One of the leading figures of his generation, Qureshi created his series titled “Moderate Enlightenment” between 2006 and 2009, earning him international fame for highlighting the discrimination religious people faced throughout the world in the wake of 9/11. Qureshi’s installation “Seeming Endless Path of Memory” and video titled “Breathing” form a unique synthesis of the formal language of contemporary motifs, abstract painting, traditional motifs and techniques, exhibited together with drawings that were commissioned for the exhibition.
Wasim has created a series of striking works for the exhibit. The first work, drawn in the style of 16th-century traditional Iranian miniatures, questions how migrant children are marginalized on Western television. Another work by the artist, “Silent Plea” (2019), refers to “Madonna,” the famous 19th-century painting by the French painter William Bouguereau. In the U.S., 1,300 children are killed by firearms every year, while at the same time the American government has no qualms about meddling militarily in other countries' affairs. The work points to the perception of guns being more valuable than children.
Alakbarov, who exhibited his works to large audiences at the Azerbaijan Pavilion during the Venice Biennial in 2013, creates unexpected scenes using discovered objects. He uses light and shadow as fundamental elements in his works, which can be described as shadow paintings. What at first appears to constitute random heaps of metal or plastic objects haphazardly thrown away, the compositions can only be seen clearly when light is shone upon them.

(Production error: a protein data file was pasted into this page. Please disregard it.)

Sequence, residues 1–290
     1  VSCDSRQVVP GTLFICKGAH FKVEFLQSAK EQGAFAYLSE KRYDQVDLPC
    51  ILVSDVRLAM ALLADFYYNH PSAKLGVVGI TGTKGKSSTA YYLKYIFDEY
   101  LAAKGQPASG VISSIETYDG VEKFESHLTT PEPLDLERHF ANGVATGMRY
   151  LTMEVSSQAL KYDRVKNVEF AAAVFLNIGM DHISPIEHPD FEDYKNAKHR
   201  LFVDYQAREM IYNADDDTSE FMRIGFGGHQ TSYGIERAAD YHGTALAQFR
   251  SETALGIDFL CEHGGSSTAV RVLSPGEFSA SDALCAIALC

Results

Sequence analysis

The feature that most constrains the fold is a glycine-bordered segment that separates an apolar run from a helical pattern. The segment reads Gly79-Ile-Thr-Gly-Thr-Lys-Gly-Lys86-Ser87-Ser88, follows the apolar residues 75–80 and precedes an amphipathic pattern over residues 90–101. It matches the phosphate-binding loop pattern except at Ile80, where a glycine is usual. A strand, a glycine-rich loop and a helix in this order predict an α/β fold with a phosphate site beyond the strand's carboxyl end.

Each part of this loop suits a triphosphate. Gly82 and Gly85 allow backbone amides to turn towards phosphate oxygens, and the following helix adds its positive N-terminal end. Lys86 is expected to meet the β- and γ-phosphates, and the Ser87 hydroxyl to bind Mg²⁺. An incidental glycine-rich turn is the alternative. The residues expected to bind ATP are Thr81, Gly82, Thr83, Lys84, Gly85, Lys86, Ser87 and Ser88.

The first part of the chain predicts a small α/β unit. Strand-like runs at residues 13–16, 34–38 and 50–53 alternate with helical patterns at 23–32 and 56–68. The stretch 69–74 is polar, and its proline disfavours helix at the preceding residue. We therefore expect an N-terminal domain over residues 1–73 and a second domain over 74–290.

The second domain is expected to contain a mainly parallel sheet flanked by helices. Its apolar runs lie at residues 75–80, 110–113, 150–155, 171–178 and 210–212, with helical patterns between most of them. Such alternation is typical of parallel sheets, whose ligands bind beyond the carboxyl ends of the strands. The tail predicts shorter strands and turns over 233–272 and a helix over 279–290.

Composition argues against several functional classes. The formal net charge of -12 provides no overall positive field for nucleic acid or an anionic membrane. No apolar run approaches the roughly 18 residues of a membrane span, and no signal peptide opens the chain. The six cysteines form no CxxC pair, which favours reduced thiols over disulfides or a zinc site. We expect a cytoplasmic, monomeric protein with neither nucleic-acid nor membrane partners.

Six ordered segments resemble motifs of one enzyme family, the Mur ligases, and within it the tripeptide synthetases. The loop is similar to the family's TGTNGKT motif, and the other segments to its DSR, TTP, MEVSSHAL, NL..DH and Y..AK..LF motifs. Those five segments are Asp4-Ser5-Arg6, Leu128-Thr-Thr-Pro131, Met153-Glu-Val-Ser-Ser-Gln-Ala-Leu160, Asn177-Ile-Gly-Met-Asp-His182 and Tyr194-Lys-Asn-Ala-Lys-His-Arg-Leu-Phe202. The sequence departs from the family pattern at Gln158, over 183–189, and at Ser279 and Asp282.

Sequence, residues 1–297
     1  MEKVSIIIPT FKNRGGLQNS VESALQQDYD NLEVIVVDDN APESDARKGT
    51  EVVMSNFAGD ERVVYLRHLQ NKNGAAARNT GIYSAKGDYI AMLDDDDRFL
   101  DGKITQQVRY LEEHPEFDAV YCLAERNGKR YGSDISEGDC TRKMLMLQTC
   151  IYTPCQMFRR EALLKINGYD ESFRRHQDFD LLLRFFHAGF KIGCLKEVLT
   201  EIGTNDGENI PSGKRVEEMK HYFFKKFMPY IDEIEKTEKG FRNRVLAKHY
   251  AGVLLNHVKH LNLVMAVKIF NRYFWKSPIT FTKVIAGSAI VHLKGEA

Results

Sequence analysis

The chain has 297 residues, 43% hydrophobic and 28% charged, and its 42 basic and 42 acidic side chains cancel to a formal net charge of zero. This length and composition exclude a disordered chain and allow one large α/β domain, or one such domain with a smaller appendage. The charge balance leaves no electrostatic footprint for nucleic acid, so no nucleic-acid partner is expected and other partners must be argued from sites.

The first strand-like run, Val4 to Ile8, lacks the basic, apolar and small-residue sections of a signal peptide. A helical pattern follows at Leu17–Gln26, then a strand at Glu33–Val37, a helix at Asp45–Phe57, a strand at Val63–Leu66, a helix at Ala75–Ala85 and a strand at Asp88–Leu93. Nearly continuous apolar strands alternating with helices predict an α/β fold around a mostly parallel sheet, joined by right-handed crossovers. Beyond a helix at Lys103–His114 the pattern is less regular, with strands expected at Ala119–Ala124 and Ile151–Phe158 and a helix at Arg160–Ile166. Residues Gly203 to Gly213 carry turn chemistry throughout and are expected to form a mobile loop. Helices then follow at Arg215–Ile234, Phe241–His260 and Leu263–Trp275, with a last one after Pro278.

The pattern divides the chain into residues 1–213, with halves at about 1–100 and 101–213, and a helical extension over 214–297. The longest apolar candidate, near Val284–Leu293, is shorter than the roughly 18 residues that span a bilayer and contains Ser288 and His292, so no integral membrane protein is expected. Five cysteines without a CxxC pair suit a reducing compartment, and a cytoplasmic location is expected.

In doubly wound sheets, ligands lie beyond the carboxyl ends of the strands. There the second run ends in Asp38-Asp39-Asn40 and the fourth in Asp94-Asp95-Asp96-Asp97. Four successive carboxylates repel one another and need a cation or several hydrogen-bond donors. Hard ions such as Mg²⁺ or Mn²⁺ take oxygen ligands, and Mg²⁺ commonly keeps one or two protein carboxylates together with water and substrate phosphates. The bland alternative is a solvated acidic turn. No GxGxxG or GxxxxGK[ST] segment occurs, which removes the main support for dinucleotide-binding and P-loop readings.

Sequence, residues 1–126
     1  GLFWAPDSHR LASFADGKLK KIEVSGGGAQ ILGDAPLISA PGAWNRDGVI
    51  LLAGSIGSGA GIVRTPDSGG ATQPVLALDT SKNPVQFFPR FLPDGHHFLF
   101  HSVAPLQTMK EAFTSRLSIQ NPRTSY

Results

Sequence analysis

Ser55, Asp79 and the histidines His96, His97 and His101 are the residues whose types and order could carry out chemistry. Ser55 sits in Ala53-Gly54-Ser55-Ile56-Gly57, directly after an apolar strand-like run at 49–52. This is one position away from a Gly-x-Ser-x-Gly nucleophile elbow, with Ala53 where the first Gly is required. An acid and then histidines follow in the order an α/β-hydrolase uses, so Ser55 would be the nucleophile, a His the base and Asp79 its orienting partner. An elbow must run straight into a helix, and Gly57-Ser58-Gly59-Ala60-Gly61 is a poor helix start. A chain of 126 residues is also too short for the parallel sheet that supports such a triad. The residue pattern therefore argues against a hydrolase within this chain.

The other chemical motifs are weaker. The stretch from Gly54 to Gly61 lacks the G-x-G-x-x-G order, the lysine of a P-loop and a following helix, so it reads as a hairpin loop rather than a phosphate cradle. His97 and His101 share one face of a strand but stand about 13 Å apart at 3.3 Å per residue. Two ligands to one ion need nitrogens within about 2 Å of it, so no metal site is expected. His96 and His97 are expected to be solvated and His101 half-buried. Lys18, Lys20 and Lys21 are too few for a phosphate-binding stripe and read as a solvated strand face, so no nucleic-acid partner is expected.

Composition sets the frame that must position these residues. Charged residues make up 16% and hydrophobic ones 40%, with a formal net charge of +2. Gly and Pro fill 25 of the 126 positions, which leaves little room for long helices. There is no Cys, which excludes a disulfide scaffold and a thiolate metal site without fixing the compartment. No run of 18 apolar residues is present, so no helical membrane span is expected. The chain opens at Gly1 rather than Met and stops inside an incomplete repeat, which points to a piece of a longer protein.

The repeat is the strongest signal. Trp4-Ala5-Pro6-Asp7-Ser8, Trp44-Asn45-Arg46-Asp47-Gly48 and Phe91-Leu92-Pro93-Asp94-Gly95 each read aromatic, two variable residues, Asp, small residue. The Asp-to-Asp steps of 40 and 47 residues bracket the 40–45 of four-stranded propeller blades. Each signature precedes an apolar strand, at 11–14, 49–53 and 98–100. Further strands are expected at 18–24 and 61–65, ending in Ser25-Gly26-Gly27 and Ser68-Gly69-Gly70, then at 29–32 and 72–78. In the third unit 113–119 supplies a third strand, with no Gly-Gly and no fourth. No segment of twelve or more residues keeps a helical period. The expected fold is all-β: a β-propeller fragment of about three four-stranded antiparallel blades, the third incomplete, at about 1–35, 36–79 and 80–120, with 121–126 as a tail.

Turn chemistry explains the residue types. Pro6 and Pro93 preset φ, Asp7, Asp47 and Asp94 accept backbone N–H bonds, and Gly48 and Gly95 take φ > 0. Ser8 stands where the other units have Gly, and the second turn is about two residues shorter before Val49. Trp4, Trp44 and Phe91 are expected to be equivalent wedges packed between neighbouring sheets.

Chagan's work made up of miniature terracotta bricks shows the influence of graffiti or mural ads. The artificialness of the discovered materials and the fluid form of hard, solid objects such as bricks create a fascinating illusion for viewers.
Awartani’s installation and video are among the most striking works of the exhibition. Created in a vacant house in one of the old neighborhoods of Jeddah, where the artist's grandparents once lived, the installation shows Awartani covering the floors of the house with sand in a manner reminiscent of old Arabic houses while using the geometrical tile forms in traditional Islamic art. Once this difficult process was complete, she begins sweeping the floors in symbolic reference to the destruction of cultural heritage.
The links between home, cultural identity and Islamic geometry are even more pronounced in the works of Abbas. The geometrical patterns the artist creates using two kinds of marble with different colors are reminiscent of floor tiles used in homes as well as the marginal ornamentations in miniatures. The choice of materials like marble and sand goes hand in hand with the feeling of belonging and the desire to reinforce memories she does not want to lose.
The works of Pouyan, meanwhile, explore spaces, using culture to focus on fundamental concepts such as power, tyranny and sovereignty. His inspiration comes from Persian miniatures, and the artist makes references to Sumerian, Babylonian, Persian and Indian cultures. One of two Persian miniature artists in the exhibition, the artist removes all figures from the surface of the miniature and enables the viewer to look at spaces that have become divorced from the narrative.
For this exhibition, Pouyan has removed all the figures from a scene titled “Reception Ceremony of Elkas Mirza in the Süleymanname,” a book of Ottoman miniatures in the Topkapı Palace collection narrating the life of Suleiman I, aka Suleiman the Magnificent.
With works that will attract the attention of both traditional and contemporary art lovers, “Miniature 2.0: Miniature in Contemporary Art” exhibition can be seen at the Pera Museum until Jan. 17, 2021.